Joe B: 5 things to watch for in Buffalo Bills - Atlanta Falcons (9/30/17)

(WKBW) - Let’s face it… not many thought the Buffalo Bills would be able to upset the previously unbeaten Denver Broncos — and to do so in a way where both the offense and defense helped pave the way to victory. It was a surprising result that has forced a lot of re-evaluation as to what this Bills team, now 2-1 on the season and still atop the AFC East, is all about.

In Week Four, it’s a whole different ball game for Buffalo. They’ve battled against two really talented defensive teams in the last two weeks, but now the Bills are up against one of the most prolific offenses in the entire National Football League in the Atlanta Falcons.

It will be a full-team test — especially with it being on the road. Do the Bills stand a chance against the Falcons? Five things I’m keeping an eye on in the game:

1) Bills defense can prove they’re for real
- It’s been a steady climb for the Buffalo defensive effort. They got out of the gate really quickly against a poor New York Jets offense, continued it on the road against a Carolina offense that has seen better days, and then they were able to stymie a Denver Broncos offense that had been previously playing really well. Now, just to see how far they’ve come, they get to go against an offense that might be the best one that they face all season. Matt Ryan, Julio Jones, Devonta Freeman, Tevin Coleman, and Mohamed Sanu as a collection of skill players are no joke, and they all offer something different that can exploit some of the areas that the Bills lack talent defensively. The unit that will be tested more than any will be the duo of Bills cornerbacks — that to this point, have played extremely well. Tre’Davious White and E.J. Gaines have both been a pleasant surprise through the first three games, but now Jones will test them on every level of the field, and they’ll have to deal with the outright physicality and toughness that Sanu brings to the table. On top of that, they’ve got the extremely efficient and Matt Ryan throwing them the ball which makes them each a threat anytime he drops back to pass. The Bills linebackers will most certainly be tested, too, with the Freeman and Coleman combination. This is an area that the Falcons can really exploit a weakness of the Bills. Preston Brown, Ramon Humber, and Lorenzo Alexander have done an adequate job to this point, but Jamaal Charles and C.J. Anderson showed last week that they struggle with backs that are good with a change of direction. That’s exactly what the shifty Freeman is all about, outright making people look foolish as he slips through the line of scrimmage and into the second level. Brown and Humber will both be especially tested by Coleman, a lightning-quick running back that can take it the distance if he gets some room to roam — and one that they feature in the passing attack. If the Bills can slow down this offense — and on the road, mind you — then they can prove that they should be taken seriously week in and week out. This is a whopper of a matchup, and I can’t wait to see how they stack up against a legitimate offense.

2) Can the offense keep pace?
- If the defense is unable to slow down the Falcons high-powered offense, the offense will have quite the challenge ahead of them to go toe-to-toe with Atlanta in an effort just to keep up. The Falcons defense isn’t nearly as daunting as the ones they just went up against in Carolina and against Denver — which should build some optimism for the level of effectiveness that the Bills could have on Sunday. However, we only saw them take a small step forward last week against the Broncos with Tyrod Taylor and the passing attack. The encouraging part was in the way offensive coordinator Rick Dennison worked with Taylor’s skill-set. After showing how uncomfortable he was for weeks on end in doing so, the Bills took the three-step drops from under center out of the gameplan and ran out of shotgun nearly 60-percent of the time. If the Bills want to keep up with the Falcons on offense, they’ll need this recent development to continue to put Taylor in the best possible situations to succeed.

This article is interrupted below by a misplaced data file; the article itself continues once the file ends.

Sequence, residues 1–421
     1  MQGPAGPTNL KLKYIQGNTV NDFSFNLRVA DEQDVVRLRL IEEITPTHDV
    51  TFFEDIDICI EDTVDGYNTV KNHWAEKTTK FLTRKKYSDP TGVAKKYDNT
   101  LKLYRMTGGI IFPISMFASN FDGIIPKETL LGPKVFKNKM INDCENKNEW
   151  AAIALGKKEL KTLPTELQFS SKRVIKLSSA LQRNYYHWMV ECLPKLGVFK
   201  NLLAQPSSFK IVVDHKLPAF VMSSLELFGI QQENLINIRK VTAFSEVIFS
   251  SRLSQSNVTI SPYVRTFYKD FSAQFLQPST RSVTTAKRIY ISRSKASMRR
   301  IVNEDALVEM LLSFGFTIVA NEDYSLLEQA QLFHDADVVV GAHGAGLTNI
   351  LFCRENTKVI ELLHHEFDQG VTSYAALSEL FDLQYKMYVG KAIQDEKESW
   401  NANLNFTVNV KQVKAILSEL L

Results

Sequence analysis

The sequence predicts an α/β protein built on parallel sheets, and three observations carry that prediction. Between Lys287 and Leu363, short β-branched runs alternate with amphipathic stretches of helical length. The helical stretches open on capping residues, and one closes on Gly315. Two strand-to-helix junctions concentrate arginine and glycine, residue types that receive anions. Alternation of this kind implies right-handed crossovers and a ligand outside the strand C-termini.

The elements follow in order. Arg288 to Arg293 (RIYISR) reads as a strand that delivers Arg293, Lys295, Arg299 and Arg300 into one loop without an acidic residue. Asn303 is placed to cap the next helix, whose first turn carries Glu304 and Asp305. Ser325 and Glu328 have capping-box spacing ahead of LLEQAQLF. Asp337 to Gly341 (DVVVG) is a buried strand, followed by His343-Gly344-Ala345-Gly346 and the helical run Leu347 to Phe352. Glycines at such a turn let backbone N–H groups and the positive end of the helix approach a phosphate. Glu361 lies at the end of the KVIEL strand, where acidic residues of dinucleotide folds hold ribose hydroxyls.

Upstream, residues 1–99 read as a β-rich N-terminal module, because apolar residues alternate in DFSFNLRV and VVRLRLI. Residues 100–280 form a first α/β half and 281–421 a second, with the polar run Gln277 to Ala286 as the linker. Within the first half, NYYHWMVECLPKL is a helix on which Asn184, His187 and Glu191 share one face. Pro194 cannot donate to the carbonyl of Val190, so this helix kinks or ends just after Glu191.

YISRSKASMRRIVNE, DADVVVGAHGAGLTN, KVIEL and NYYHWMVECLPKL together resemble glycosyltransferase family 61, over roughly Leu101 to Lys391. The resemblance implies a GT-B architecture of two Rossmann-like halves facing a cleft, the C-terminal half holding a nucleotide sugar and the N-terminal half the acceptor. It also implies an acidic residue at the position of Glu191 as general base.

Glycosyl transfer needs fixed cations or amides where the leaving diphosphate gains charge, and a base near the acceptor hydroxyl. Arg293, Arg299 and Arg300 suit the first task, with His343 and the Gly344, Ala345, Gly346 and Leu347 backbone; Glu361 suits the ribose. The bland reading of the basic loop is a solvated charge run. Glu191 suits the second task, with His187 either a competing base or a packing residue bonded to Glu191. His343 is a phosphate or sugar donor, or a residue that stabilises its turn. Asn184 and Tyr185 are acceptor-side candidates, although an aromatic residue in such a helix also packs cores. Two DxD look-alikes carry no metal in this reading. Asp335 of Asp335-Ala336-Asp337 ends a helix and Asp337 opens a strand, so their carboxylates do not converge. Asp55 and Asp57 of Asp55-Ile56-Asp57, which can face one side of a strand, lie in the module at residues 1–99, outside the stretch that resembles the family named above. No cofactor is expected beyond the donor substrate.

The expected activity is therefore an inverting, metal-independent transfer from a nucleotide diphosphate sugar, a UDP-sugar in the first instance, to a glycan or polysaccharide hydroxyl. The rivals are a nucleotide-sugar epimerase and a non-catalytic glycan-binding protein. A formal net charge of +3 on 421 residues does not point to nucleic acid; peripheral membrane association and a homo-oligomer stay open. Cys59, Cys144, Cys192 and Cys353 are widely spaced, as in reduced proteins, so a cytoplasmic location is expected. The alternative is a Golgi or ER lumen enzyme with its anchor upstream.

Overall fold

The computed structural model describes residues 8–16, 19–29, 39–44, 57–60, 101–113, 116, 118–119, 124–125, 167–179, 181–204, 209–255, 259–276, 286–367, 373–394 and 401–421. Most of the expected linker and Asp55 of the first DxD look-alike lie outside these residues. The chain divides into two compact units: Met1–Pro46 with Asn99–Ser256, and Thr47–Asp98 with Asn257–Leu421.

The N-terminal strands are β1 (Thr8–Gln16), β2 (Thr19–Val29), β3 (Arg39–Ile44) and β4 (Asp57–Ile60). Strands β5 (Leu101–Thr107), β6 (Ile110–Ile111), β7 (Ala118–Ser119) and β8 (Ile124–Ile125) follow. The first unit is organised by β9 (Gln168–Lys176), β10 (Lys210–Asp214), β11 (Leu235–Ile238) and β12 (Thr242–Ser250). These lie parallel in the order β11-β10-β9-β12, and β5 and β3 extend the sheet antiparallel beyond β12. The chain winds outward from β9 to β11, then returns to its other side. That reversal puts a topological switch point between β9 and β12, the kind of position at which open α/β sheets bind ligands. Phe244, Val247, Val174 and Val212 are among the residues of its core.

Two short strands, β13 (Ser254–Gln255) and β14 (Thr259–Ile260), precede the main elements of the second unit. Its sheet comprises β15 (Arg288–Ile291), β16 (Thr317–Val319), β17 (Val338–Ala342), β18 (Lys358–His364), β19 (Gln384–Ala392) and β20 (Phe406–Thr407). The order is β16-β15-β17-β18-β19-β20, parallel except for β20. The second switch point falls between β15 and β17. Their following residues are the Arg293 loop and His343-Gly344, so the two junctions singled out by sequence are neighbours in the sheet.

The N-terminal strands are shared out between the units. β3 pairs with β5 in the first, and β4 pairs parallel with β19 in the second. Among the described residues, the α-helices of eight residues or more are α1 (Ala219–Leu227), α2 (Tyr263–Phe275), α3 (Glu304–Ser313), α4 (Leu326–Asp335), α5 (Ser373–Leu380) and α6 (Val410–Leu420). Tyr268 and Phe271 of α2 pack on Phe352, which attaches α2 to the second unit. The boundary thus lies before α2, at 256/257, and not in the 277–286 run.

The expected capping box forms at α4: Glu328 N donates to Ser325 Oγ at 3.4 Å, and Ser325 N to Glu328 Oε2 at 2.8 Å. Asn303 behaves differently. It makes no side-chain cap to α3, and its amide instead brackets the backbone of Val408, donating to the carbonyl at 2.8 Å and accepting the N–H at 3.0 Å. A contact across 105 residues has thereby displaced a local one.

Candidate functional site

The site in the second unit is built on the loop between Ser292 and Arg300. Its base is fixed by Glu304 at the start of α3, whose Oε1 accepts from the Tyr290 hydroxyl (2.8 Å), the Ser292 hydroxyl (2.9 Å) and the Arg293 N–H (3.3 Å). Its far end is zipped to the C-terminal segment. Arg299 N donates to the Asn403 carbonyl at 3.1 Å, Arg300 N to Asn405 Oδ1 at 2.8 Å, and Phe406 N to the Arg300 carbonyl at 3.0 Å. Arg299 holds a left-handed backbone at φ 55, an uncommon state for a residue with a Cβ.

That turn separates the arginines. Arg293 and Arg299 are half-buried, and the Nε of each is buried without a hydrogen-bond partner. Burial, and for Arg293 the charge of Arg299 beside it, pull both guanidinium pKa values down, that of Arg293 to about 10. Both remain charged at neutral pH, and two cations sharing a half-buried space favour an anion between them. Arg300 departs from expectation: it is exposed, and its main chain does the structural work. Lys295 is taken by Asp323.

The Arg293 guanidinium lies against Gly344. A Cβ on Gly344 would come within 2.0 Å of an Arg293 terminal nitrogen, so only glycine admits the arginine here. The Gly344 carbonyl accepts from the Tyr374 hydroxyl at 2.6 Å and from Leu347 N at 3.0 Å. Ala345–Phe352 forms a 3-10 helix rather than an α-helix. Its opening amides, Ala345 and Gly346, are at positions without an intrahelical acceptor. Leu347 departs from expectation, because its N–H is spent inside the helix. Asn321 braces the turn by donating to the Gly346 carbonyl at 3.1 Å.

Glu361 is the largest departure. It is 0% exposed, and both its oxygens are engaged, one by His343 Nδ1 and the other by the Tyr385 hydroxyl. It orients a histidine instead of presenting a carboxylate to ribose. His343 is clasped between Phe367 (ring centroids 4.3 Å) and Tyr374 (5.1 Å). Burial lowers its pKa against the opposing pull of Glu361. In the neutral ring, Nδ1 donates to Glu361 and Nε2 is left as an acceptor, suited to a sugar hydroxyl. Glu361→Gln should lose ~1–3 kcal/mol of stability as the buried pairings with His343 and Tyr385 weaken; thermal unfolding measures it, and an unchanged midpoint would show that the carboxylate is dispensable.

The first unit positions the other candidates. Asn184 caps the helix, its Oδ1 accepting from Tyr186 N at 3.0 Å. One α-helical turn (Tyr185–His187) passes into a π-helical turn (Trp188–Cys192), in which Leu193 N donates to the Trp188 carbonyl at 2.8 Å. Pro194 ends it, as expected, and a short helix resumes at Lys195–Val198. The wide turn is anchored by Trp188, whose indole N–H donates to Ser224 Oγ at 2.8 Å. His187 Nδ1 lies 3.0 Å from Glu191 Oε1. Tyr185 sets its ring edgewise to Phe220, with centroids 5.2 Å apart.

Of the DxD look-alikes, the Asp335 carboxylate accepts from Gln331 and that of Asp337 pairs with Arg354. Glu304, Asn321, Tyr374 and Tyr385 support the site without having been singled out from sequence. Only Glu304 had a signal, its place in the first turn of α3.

3) McCoy gets back on track in Atlanta
- For two weeks in a row now, star running back LeSean McCoy has been muted on the ground by a couple of really good defenses. After watching all of the plays back, you can hardly blame him for the lack of an output for a few reasons. First, the defenses were really talented and many top players have struggled against them before. Second, those really talented defenses keyed on him when he was on the field, taking him getting legitimate gains on the ground out of the equation. And lastly, the majority of the offensive line has played quite poorly over the last two weeks, which has led to no push along the front and no room to turn nothing into something. However, I think this is a healing matchup for the Bills and McCoy. With their most talented pass rusher (Vic Beasley) and their top defensive end (Courtney Upshaw) having to sit this game out, that will help the offensive line up front. I think the Bills can handle defensive tackle Dontari Poe — who struggles to move off his spot —  on the inside. From there, the linebackers (Deion Jones and De’Vondre Campbell) are aggressive and show a minor tendency to guess incorrectly. This all leads to one conclusion: there will be space available both in the middle of the field and on the perimeter for McCoy to jumpstart his 2017 once again. While it might not be as effective as his Week One performance against the Jets, I don’t doubt for a second that McCoy can get over 100 yards from the line of scrimmage against the Falcons defense and their personnel. If the Bills cannot get McCoy going against this team, that is a major problem for them moving forward.